27 October 2015

Starting from Scratch

Rita Mae Brown, Starting from Scratch. NY: Bantam, 1988.

Subtitled “A Different Kind of Writer’s Manual,” it is definitely different. The first fifth is an admonition to be healthy, because that allows productivity: work requires food, sleep, and exercise! Oh, and learn Latin.

Now to writing. On plots: you’ll want one. Plot comes from character and conflict, e.g. self v self, another, the state, or nature. Those are your choices.

On to the subjunctive. You need it to explore emotions, the connections between character and characters, &c. Well, no, according to the noir authors. That’s (quite literally) immaterial, unobservable, and ultimately unknowable. It can only be “made up”, and thus calls attention to the fiction as fiction and, in effect, destroys the fiction. But it’s also generally the most interesting stuff, where we see the author exposed and learn how others might think. Oh, the conflict (and now we have a plot!).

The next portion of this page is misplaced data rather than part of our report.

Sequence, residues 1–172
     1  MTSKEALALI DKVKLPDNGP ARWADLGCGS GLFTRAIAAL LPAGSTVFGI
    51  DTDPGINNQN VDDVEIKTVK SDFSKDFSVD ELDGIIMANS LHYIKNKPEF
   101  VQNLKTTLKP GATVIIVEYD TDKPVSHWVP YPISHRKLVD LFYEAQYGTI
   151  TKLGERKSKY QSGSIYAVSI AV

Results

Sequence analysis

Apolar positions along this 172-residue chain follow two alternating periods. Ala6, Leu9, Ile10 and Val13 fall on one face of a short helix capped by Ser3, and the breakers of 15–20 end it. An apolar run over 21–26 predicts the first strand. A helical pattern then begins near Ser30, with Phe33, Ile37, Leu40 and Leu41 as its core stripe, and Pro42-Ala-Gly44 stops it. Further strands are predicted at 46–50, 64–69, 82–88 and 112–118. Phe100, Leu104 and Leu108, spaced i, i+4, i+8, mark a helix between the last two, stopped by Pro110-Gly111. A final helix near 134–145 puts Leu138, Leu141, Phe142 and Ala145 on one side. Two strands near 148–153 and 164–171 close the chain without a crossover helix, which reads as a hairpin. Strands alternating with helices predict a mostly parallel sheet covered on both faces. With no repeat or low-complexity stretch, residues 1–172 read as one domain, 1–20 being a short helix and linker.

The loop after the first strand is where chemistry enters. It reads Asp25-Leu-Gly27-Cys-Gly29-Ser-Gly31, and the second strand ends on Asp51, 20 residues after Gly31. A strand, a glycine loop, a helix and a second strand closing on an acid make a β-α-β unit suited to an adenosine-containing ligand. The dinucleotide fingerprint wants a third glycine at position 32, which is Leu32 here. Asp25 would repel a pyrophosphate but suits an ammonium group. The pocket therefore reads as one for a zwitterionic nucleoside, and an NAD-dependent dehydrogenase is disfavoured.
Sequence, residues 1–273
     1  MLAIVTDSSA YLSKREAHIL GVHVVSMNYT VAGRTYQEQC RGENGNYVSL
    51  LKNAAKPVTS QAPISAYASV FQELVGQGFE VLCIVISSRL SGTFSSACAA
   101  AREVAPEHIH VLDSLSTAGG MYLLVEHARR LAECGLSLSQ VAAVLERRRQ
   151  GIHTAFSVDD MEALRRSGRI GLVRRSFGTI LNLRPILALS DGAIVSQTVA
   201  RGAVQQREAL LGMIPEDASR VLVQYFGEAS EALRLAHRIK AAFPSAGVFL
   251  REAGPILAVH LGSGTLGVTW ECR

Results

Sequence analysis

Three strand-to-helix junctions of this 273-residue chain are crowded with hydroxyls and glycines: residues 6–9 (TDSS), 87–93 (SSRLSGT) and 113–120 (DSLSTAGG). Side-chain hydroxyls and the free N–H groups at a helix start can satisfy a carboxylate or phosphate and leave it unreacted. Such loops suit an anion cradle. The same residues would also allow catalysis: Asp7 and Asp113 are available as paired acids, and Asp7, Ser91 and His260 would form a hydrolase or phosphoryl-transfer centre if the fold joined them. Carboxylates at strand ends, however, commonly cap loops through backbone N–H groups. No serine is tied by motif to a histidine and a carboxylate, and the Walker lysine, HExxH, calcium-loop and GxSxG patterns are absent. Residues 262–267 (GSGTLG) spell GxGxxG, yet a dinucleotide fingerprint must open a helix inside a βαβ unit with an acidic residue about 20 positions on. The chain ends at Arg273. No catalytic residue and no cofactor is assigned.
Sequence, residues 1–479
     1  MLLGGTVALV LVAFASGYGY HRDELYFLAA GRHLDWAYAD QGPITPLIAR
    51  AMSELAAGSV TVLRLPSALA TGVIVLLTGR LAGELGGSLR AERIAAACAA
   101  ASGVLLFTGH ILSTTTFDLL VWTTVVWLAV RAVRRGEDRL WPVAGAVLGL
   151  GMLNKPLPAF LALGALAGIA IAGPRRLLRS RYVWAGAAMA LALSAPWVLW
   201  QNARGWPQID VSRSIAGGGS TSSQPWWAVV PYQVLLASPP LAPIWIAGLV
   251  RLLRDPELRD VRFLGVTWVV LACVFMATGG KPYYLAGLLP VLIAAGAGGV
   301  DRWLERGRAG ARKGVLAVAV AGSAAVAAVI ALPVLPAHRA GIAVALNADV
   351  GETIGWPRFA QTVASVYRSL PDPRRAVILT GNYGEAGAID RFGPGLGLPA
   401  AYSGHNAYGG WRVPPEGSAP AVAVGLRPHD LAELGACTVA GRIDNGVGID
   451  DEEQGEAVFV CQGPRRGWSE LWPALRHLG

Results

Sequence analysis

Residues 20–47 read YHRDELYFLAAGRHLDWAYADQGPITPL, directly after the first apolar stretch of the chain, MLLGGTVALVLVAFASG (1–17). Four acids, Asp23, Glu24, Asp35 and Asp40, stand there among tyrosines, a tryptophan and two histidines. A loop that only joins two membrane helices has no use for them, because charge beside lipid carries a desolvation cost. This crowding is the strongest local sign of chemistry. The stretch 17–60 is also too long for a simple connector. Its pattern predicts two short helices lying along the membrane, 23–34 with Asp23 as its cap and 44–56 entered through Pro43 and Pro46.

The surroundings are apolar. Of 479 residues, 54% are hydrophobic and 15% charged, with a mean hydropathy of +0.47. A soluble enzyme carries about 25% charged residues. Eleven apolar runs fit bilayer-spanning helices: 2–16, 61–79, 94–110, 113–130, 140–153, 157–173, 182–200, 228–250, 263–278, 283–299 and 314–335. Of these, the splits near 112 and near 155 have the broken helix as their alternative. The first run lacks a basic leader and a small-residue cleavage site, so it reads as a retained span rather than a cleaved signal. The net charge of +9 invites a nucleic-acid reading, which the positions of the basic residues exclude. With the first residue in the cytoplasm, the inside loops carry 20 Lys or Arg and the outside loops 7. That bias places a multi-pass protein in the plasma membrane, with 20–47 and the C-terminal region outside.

That Latin mentioned earlier comes in handy for the section on symbolism, because you'll need you some of that, too. Maybe you need the symbols to express the (or a) painful truth honestly. Remember, its not art if you don’t.

Really, what Brown says is all important -- important background training for the trade, right down to her extensive reading list. More useful for one (who feels) ready to write are the exercises, and the short discussions of particular genre approaches for articles, stories, screenplays, and novels. Today’s publishing environment may be even more difficult to enter than what Brown faced, although the Internet does allow some writers to develop the critical audience mass necessary for publisher investment. Yet the book, now nearly twenty years old, is probably most important for autobiographical insight into an interesting author. For Brown, writing is just a (really good) job -- so get to work!

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